The Obsession of Real Estate with Web 2.0
InmanTV has a 46 minute video of a panel discussion at RealEstateConnect ’08 from New York of a group of industry luminaries called “25 Things You Must Do to Web 2.0 Your Company”.
It’s… moderately interesting, and I do recommend checking it out.
But what I don’t get personally is why the real estate brokerage industry is so damn obsessed with becoming “Web 2.0”. Do they even know what that means?
Because I’m pretty sure that the technology/web industry has no freakin idea what Web 2.0 means, except a magic phrase that seems to shake VC dollars loose.
The panelists all spent valuable minutes talking about “new ways to connect with consumers” and blogging, and… well, blogging. Sherry Chris talked about Twitter, and Facebook, and relayed stories of the COO of Better Homes and Gardens wanting to be his friend on Facebook.
Okay… that’s… neat and all, and as a blogger and a fan of blogging and a believer in the concepts behind Web 2.0, I’m highly encouraged by all this attention. Thing is, there is a serious defect in the understanding of the real estate people about what Web 2.0 is, and therefore, they can’t possibly implement anything whatsoever.
Let me suggest something here.
The Wikipedia definition of Web 2.0 (as good as any other we’re likely to get) is:
In studying and/or promoting web-technology, the phrase Web 2.0 is a trend in web design, development and can refer to a perceived second generation of web-based communities and hosted services — such as social-networking sites, wikis, and folksonomies — which aim to facilitate creativity, collaboration, and sharing between users.
Two observations I will make here.
First, why the obsession with using the web for creativity, collaboration, and sharing? What is wrong with using people for creativity, collaboration, and sharing?
Second, until and unless the real estate brokerage industry completely changes its entire approach to service, no amount of fancy web technology will “web 2.0” any real estate company.
What the real estate people don’t seem to understand is that Web 2.0 is an attempt to bridge an immense flaw of the Internet: anonymity and impersonality. I’ve been on the Internet before the advent of Netscape and the WorldWide Web. When you’re using UNIX workstations, using gopher and newsreaders to access the web, you realize that the Web — as great as it is — is extremely impersonal and extremely anonymous.
That’s great for some things. If you’re looking for porn, that anonymity is fantastic. If you’re looking for just plain old data, the impersonality is wonderful — you can very quickly go find some piece of information you want on some website somewhere.
But that whole anonymity and impersonality is really bad for some things.
For example, it’s really bad for dating. Consider the first-gen dating websites, like Match.com. You see someone’s photo, get a download of their data, then decide whether (a) you believe what you see, and (b) you want to take the next step. It’s basically a computerized online catalog of possible mates — no different, really, than any e-commerce site.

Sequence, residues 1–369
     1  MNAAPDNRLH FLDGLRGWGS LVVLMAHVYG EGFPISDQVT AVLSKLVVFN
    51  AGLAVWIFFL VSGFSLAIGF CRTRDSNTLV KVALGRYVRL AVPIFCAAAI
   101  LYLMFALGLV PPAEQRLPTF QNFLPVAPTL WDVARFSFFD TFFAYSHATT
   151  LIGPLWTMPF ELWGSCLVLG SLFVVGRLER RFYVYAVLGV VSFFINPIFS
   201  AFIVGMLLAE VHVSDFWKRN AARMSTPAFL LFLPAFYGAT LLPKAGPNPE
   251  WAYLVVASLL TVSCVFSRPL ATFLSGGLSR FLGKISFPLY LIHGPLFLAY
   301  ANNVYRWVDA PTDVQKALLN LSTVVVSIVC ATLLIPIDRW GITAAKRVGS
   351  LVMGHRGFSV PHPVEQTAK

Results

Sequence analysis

You have no idea whether that picture of the beautiful beach volleyball champion corporate lawyer chick is real or not. Hence, Brad Paisley’s hit song, “So Much Cooler Online“. You don’t know if she’s got an annoying habit, or if you’d get along, or anything. Even if you went to a “filtered” service like eHarmony, it’s all very one-to-many, with the website providing a rich catalog of choices, and you as the chooser.
The so-called web 2.0 services like Friendster, MySpace, and Facebook are much better for dating. Because now, you can leverage your known, existing, real-life networks to get to meet new people. The anonymity goes away to a large extent (although you could carry on a pretty involved deception, I suppose), but you gain a personalization, a humanization in the process. Mystery Woman ABC isn’t just a photo on Match.com, but actually is a friend of a friend of yours. You could track her down in real life. You know that someone you know actually has seen, interacted with, and knows that person.
It’s no longer one-to-many, but many-to-many. This whole notion of consumer generated content — that has been around since the early days of Amazon.com and CNET.com, both supposedly web 1.0 companies — is simply the effort to evade anonymity and impersonality of the web.
What they resolutely refuse to recognize is that if Web 2.0 means anything at all, it means humanizing the inhuman.
The thing I don’t get is that the traditional real estate companies have the one thing that the Web 2.0 folks really really want and can’t have: actual human beings. Instead of all this chasing after the Web 2.0 rainbow, why aren’t these companies going back to basics, of hiring better agents, training them better, and implementing actual customer service?
Forget consumer-generated content — that’s the current rage. How about having agents that aren’t idiots? That has some actual lasting value, and is the single biggest competitive advantage that real estate companies have as compared to the dotcoms trying to muscle in.